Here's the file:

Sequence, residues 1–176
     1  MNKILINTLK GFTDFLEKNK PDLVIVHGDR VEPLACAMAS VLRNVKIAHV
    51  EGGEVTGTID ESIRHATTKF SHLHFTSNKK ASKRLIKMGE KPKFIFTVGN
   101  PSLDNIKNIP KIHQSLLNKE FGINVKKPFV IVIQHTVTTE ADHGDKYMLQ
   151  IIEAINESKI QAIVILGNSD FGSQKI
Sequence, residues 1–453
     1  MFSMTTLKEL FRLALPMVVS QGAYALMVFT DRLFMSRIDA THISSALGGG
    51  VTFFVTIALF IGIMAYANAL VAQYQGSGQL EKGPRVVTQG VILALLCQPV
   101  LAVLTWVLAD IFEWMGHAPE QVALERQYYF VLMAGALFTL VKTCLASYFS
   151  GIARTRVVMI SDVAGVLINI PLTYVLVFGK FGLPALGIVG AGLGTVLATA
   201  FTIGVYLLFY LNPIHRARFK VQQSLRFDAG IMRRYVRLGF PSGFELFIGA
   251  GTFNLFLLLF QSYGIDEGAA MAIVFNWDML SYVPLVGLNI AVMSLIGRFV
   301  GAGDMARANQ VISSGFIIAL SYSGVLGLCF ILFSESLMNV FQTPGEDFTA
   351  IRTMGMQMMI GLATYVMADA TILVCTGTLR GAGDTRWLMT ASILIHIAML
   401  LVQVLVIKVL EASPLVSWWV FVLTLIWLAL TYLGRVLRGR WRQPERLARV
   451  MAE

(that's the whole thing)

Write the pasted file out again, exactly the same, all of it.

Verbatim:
Sequence, residues 1–176
     1  MNKILINTLK GFTDFLEKNK PDLVIVHGDR VEPLACAMAS VLRNVKIAHV
    51  EGGEVTGTID ESIRHATTKF SHLHFTSNKK ASKRLIKMGE KPKFIFTVGN
   101  PSLDNIKNIP KIHQSLLNKE FGINVKKPFV IVIQHTVTTE ADHGDKYMLQ
   151  IIEAINESKI QAIVILGNSD FGSQKI
Sequence, residues 1–453
     1  MFSMTTLKEL FRLALPMVVS QGAYALMVFT DRLFMSRIDA THISSALGGG
    51  VTFFVTIALF IGIMAYANAL VAQYQGSGQL EKGPRVVTQG VILALLCQPV
   101  LAVLTWVLAD IFEWMGHAPE QVALERQYYF VLMAGALFTL VKTCLASYFS
   151  GIARTRVVMI SDVAGVLINI PLTYVLVFGK FGLPALGIVG AGLGTVLATA
   201  FTIGVYLLFY LNPIHRARFK VQQSLRFDAG IMRRYVRLGF PSGFELFIGA
   251  GTFNLFLLLF QSYGIDEGAA MAIVFNWDML SYVPLVGLNI AVMSLIGRFV
   301  GAGDMARANQ VISSGFIIAL SYSGVLGLCF ILFSESLMNV FQTPGEDFTA
   351  IRTMGMQMMI GLATYVMADA TILVCTGTLR GAGDTRWLMT ASILIHIAML
   401  LVQVLVIKVL EASPLVSWWV FVLTLIWLAL TYLGRVLRGR WRQPERLARV
   451  MAE